Dan Lieberman has written an innovative, exhaustively researched and carefully argued book dealing with the evolution of the human head. In it he addresses three interrelated questions. First, why does the human head look the way it does? Second, why did these transformations occur? And third, how is something as complex and vital as the head so variable and evolvable? This book addresses these questions in three sections. The first set of chapters review how human and ape heads grow, both in terms of individual parts (organs and regions) and as an integrated whole. The second section reviews how the head performs its major functions: housing the brain, chewing, swallowing, breathing, vocalizing, thermoregulating, seeing, hearing, tasting, smelling, and balancing during locomotion. The final set of chapters review the fossil evidence for major transformations of the head during human evolution from the divergence of the human and ape lineages through the origins of Homo sapiens. These chapters use developmental and functional insights from the first two sections to speculate on the developmental and selective bases for these transformations.
Combining science, history, and culture, explores every aspect of human anatomy from ancient body art to modern plastic surgery, discussing why some people are left-handed and why some cultures think the soul resides in the liver.
An “invaluable [and] highly readable” account of the quest to map our DNA, the blueprint for life—and what it means for our future ( The Philadelphia Inquirer). Genome tells the story of the most ambitious scientific adventure of our time. By gradually isolating and identifying all the genes in the human body—the blueprint for life—scientists are closing in on the ability to effectively treat and prevent nearly every disease that strikes man, from muscular dystrophy, diabetes, and cancer to heart ailments, alcoholism, and even mental illness. Such discoveries will change the course of human life. At the same time, they raise profound ethical questions that have tremendous implications: Can insurance companies demand genetic tests to determine who poses a health risk? Should parents be able to choose their baby’s sex or eye color? Will employers screen out potential employees who are genetically susceptible to occupational health problems? An exciting true tale of discovery that is revolutionizing our world, Genome helps us understand our future.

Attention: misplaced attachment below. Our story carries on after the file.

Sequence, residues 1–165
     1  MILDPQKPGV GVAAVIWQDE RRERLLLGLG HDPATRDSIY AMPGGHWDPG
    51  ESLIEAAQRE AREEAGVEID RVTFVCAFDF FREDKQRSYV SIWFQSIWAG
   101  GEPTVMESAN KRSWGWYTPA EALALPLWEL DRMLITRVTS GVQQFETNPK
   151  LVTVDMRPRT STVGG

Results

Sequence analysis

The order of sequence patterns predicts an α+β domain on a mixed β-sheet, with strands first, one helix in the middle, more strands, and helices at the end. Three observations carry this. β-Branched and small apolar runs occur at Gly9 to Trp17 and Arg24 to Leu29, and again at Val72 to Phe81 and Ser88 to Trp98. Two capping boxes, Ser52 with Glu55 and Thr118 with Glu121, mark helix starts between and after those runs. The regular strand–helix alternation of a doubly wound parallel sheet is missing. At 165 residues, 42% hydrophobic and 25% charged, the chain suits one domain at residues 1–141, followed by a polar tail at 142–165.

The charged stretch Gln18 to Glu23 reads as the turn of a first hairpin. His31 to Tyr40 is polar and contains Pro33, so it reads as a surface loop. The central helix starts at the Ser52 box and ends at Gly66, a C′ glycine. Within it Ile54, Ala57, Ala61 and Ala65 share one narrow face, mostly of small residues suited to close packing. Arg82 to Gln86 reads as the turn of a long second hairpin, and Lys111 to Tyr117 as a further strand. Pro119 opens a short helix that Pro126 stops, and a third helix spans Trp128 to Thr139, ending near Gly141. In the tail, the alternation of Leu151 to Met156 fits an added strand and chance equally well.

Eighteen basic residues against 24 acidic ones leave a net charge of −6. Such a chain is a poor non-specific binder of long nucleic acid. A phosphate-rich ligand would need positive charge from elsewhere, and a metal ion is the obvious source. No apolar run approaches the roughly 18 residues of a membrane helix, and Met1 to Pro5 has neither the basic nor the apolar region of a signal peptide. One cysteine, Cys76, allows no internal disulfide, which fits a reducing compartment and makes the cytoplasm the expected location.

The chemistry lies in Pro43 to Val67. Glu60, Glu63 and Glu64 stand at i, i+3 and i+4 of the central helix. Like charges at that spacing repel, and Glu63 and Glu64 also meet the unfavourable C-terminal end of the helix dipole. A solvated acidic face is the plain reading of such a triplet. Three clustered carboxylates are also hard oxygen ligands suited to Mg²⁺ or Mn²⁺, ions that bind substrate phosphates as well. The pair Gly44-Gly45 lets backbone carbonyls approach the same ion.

A first-year medical student describes an anatomy class during which she studied the donated body of a cadaver dubbed "Eve," an experience that profoundly influenced her subsequent studies and understanding of the human form.
The Sunday Times Science Book of the Year, Anatomies by Hugh Aldersey-Williams, author of bestseller Periodic Tales, is a splendidly entertaining journey through the art, science, literature and history of the human body. 'Magnificent, inspired. He writes like a latter-day Montaigne. Stimulating scientific hypotheses, bold philosophic theories, illuminating quotations and curious facts. I recommend it to all' Telegraph ***** 'Splendid, highly entertaining, chock-full of insights ... It inserts fascinating scientific snippets and anecdotes about our organs into the wider history of our changing understanding of our bodies' Sunday Times 'A relentlessly entertaining cultural history of the human body ... brims with fascinating details, infectious enthusiasm ... the terrain he covers is so richly brought to life' Guardian 'Elegant and informative ... For Aldersey-Williams, [the body] is a thing of wonder and a repository of fascinating facts' Mail on Sunday **** In Anatomies, bestselling author Hugh Aldersey-Williams investigates that marvellous, mysterious form: the human body. Providing a treasure trove of surprising facts, remarkable stories and startling information drawn from across history, science, art and literature - from finger-prints to angel physiology, from Isaac Newton's death-mask to the afterlife of Einstein's brain - he explores our relationship with our bodies and investigates our changing attitudes to the extraordinary physical shell we inhabit. 'More than a science book - it's also history, biography and autobiography - Anatomies is writing at its most refined, regardless of genre' Sunday Times Praise for Periodic Tales: 'Science writing at its best ... fascinating and beautiful ... if only chemistry had been like this at school ... to meander through the periodic table with him ... is like going round a zoo with Gerald Durrell ... a rich compilation of delicious tales, but it offers greater rewards, too' Matt Ridley 'Immensely engaging and continually makes one sit up in surprise' Sunday Times 'Splendid ... enjoyable and polished' Observer 'Full of good stories and he knows how to tell them well ... an agreeable jumble of anecdote, reflection and information' Sunday Telegraph 'Great fun to read and an endless fund of unlikely and improbable anecdotes ... sharp and often witty' Financial Times Hugh Aldersey-Williams studied natural sciences at Cambridge. He is the author of several books exploring science, design and architecture and has curated exhibitions at the Victoria and Albert Museum and the Wellcome Collection. His previous book Periodic Tales: The Curious Lives of the Elements was a Sunday Times bestseller and has been published in many languages around the world. He lives in Norfolk with his wife and son.